Transport Minister Wissing: A “low-loader” with traffic light experience



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As of: 12/28/2021 9:03 a.m.

Volker Wissing describes himself as a “low-key”. However, expectations of the new transport minister are high. The FDP politician has an important advantage in terms of experience.

By Martin Polansky, ARD capital studio

Volker Wissing’s suits fit perfectly, his tie is always tied correctly. His appearance: engaging, objective, friendly. The 51-year-old Wissing grew up on a vineyard in the Palatinate. He has a doctorate in law, was a judge and prosecutor. “I am someone who likes to question things, who depends on objectivity, who can be very serious and who has a good measure of Palatinate humor that he likes to hide.

Martin Polansky
ARD capital studio

However, the low loader is likely to play a special role in the new federal cabinet. On the one hand, he is responsible for the important areas of traffic and digital. On the other hand, he has traffic light experience: “We govern constructively, efficiently and we don’t get lost in superfluous arguments.”

Strategist with traffic light experience

This is how Wissing once described the coalition of the SPD, Greens and FDP in Rhineland-Palatinate. For five years he was the minister for economy, transport, agriculture and viticulture in the traffic light alliance there – until May of this year. In addition to the new family minister Anne Spiegel von den Grünen, Wissing is the only federal minister who has been tried in this three-person constellation.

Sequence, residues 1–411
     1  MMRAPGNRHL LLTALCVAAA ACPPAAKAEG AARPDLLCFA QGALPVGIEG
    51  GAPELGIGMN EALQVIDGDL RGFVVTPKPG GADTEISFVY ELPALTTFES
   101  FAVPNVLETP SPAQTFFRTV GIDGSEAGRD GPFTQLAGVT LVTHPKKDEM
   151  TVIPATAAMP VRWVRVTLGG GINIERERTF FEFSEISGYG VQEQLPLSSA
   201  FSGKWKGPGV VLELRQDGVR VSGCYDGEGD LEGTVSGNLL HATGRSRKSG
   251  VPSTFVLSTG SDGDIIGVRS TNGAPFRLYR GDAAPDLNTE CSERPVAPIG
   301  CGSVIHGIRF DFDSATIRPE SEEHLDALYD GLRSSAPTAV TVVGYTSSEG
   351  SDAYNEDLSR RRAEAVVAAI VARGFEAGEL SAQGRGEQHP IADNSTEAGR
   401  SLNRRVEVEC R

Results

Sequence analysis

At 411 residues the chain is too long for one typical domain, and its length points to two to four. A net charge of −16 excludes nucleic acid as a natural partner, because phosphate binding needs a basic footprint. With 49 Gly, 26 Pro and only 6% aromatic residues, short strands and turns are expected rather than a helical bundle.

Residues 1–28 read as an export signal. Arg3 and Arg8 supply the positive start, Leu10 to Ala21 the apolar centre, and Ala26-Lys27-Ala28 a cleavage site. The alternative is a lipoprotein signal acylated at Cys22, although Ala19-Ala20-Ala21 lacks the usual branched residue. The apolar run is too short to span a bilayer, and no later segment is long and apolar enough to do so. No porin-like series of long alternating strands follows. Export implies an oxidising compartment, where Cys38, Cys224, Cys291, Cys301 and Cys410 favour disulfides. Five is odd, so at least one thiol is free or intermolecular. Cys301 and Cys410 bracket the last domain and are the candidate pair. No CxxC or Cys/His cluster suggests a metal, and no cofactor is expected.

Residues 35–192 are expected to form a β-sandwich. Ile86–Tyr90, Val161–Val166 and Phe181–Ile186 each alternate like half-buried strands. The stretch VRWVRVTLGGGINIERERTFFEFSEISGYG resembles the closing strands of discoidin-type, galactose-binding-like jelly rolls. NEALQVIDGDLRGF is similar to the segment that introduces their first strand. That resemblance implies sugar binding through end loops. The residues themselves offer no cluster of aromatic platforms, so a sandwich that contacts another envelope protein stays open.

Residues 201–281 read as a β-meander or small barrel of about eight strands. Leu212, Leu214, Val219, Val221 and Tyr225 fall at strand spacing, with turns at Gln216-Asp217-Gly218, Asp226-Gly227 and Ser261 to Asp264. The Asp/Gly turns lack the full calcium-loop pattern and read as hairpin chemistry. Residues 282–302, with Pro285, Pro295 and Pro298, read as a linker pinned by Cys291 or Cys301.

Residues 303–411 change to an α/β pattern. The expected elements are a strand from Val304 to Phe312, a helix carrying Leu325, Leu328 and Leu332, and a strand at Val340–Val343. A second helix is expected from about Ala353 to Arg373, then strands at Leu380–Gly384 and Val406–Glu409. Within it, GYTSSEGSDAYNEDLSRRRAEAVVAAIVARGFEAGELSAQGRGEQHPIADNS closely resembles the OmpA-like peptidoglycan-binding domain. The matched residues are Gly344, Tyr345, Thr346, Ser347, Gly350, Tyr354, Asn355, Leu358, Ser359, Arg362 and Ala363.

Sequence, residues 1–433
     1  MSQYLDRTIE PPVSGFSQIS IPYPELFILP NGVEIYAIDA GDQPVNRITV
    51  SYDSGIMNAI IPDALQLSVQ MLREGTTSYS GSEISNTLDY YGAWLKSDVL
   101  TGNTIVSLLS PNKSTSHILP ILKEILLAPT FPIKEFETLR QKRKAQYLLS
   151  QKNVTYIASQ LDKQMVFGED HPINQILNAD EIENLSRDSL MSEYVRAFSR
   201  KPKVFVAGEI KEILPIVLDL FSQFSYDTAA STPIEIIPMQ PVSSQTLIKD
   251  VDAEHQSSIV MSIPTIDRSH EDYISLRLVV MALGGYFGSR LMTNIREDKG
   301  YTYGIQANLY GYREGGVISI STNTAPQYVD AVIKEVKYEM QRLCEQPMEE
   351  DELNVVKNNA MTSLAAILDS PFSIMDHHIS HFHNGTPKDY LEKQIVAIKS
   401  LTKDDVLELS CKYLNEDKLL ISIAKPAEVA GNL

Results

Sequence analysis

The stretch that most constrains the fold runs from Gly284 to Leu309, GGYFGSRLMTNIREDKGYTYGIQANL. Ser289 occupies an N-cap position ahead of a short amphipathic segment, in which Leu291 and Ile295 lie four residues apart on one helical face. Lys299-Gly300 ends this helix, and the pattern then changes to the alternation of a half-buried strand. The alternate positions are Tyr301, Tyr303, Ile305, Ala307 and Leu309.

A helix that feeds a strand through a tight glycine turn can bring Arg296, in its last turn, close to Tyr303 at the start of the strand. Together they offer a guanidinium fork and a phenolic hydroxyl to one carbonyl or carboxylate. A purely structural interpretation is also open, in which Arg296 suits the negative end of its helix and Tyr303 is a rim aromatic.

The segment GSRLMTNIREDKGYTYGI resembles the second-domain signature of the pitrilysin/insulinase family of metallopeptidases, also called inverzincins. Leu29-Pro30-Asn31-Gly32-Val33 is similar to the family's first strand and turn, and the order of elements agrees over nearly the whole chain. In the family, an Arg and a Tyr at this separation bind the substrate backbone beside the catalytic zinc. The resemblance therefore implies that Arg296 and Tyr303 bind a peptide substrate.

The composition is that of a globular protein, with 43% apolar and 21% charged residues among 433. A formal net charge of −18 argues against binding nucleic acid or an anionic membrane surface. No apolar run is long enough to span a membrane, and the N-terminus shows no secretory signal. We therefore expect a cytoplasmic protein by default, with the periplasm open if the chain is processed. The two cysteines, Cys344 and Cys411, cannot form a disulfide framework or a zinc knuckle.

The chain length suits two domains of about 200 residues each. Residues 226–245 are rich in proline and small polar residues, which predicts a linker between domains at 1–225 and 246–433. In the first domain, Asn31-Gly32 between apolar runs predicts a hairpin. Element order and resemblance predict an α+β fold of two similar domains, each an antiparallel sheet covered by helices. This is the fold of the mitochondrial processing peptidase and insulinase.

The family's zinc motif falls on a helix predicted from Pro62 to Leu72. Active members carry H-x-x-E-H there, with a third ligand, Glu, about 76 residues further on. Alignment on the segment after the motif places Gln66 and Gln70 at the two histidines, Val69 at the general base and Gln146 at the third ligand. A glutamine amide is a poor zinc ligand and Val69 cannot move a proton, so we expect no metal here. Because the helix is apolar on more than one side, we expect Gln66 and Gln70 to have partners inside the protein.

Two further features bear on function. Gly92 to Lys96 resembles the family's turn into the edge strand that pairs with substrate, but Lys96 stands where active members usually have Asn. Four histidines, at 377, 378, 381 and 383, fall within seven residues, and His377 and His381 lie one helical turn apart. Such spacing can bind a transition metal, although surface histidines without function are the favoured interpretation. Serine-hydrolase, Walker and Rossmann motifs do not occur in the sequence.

Traffic light in Rhineland-Palatinate – it went like this: “The coalition agreement clearly shows the signature of all three coalition partners. The economic policy of our state is liberal in terms of the market economy, environmental protection and integration policy are not lip service and social policy is geared towards social cohesion.”

Before his time in state politics, Wissing had already gained experience in federal politics. From 2004 to 2013 he sat in the Bundestag and made a name for himself as a financial expert. When the FDP was thrown out of parliament eight years ago, Wissing moved to Mainz. But in the summer of last year, FDP leader Christian Lindner Wissing appointed general secretary of the party. As an election campaign strategist and probably also to make the traffic light a realistic option.

Critically eyed by the Greens

As the new Federal Minister for Digital and Transport, Wissing is already being viewed critically by many Greens. Because the Ministry of Transport is considered to be central to the climate change – and the Greens would have liked to have occupied it themselves. Wissing’s self-image in transport policy: “I see myself as an advocate for everyone who needs a mobility offer. And that includes cycling, public transport, rail transport and of course private transport by car.”

But Wissing emphasizes that traffic should become climate-neutral in the long term. How heavily motorists can be burdened on the way there – this question could develop into a point of contention within the traffic light. From Wissing’s point of view, mobility must remain affordable.

Central FDP topic: digitization

The coalition has also taken up the cause of the digital expansion of the country – for the FDP it was one of the central election campaign topics. Here Wissing now has to deliver: “We need fiber optics everywhere, we need to close the white holes in mobile communications as quickly as possible. That is a minimum requirement.”

Traffic light policy is essentially finding compromises, Wissing once said from his experience in Mainz. He will need the ability to find compromises in his new office.


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